Kristen Wyatt of the Associated Press reports, and no denying this doesn't look good:
Colorado's embattled energy development office is plagued by misspending, sloppy accounting and high turnover, according to a blistering state audit released Tuesday.
The review blasted the Colorado Energy Office for a number of issues, including not keeping track of travel expenses and contracts, and not following up to make sure projects were complete.
The audit concluded the agency can't demonstrate the $252 million spent over the past six years was used cost-effectively. Much of that amount — $144 million from fiscal years 2009 through 2012 — was federal stimulus money…
Auditors found that between 2007 and 2012, the agency had no comprehensive annual budget for 34 programs and couldn't determine the amount spent on any of them. Auditors reviewed eight of those programs in depth, finding that staff couldn't identify goals or whether any of them [Pols emphasis] had been achieved.
We'll start by agreeing that nobody should defend sloppy accounting in this office any more than one would in, for example, the Colorado Secretary of State's office, or other recent boondoggles like the state's trouble-plagued benefits management software. Waste is never okay, and the same can be said of taxpayer-funded projects without clearly defined objectives. That said, today's story does appear to contain a significant error:
Of the eight programs we reviewed in-depth, staff responsible for three programs [Pols emphasis] could not identify the program’s goals or say whether the goals had been achieved.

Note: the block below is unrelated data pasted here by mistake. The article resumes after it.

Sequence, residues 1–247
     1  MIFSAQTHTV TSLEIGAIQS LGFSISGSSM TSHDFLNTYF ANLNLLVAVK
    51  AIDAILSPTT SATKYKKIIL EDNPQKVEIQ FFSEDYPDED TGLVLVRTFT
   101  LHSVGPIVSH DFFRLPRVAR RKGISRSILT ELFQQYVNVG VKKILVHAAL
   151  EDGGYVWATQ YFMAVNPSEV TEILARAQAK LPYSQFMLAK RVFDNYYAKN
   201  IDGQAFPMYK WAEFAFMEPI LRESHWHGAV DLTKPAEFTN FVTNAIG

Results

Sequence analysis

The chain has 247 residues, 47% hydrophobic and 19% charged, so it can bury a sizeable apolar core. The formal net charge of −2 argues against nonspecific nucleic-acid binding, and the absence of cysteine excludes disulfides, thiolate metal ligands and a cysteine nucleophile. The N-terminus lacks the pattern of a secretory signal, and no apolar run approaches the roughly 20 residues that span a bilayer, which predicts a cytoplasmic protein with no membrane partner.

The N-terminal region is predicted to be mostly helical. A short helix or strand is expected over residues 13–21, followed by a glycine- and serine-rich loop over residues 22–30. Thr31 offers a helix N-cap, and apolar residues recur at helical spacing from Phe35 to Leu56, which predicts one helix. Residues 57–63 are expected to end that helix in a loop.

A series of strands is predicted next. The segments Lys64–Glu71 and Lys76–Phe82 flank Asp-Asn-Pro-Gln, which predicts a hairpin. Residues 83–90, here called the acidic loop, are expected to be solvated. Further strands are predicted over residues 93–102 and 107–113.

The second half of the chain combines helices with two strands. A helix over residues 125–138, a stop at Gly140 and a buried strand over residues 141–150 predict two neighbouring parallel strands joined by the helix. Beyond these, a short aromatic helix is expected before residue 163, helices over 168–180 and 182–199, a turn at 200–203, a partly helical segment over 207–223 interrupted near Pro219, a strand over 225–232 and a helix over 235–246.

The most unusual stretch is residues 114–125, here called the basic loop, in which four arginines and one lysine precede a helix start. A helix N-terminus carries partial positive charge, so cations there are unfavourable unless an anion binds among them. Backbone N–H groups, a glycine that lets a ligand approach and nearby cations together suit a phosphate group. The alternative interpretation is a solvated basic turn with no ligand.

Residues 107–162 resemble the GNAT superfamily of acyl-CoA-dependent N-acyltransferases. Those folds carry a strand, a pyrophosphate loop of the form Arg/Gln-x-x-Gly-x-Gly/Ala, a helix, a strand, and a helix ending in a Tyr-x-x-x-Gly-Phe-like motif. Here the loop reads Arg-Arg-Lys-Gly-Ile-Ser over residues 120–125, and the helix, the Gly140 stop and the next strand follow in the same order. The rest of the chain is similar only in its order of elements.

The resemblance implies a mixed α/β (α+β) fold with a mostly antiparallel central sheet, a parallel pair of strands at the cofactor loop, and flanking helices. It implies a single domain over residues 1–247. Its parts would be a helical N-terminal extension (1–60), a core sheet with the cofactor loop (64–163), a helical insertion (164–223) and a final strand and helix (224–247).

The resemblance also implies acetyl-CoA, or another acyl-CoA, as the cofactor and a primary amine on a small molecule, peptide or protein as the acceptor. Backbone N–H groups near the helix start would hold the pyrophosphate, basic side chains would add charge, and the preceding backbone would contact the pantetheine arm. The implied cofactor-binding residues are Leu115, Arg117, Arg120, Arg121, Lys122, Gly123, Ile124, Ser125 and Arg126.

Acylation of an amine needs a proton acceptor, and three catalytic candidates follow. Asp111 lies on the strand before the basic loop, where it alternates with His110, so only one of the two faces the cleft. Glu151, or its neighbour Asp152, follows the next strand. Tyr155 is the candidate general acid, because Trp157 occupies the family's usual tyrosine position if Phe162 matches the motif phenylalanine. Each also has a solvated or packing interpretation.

We feel like that's an important correction: 3 of 8 is not the same as 8 of 8. Check out the original audit report in its entirety here.
Here's the bottom line: the Governor's Energy Office (after 2012, the Colorado Energy Office) really does have an important mission, and is widely attributed success as part of a larger strategy to encourage renewable energy development. Last year, bipartisan legislation, House Bill 12-1315 sponsored by Rep. Jon Becker (R) and Sen. Pat Steadman (D) expanded the office's mission to promote natural gas and other forms of energy production in Colorado in addition to renewables. That said, a lot of the funding we're talking about went into grants to local residences and business to improve energy efficiency, as well as direct heating assistance for low-income families. We're not going to get into how you quantify success with some of these programs, but it's not like you can just summarily declare the money was all wasted.
Significantly for management purposes, we've heard that the office has suffered from a lack of leadership–to date, Gov. John Hickenlooper has not even appointed an Executive Director to the Colorado Energy Office. This audit makes several recommendations for reforming the office that Hickenlooper, where the buck stops today, needs to take seriously.
Above all, what shouldn't be allowed to happen here is a denigration of the larger goals of promoting cleaner energy and energy efficiency. This wouldn't be the first time that an important goal has been done a disserved by poor management, and the old rule of not throwing the baby out with the bathwater applies.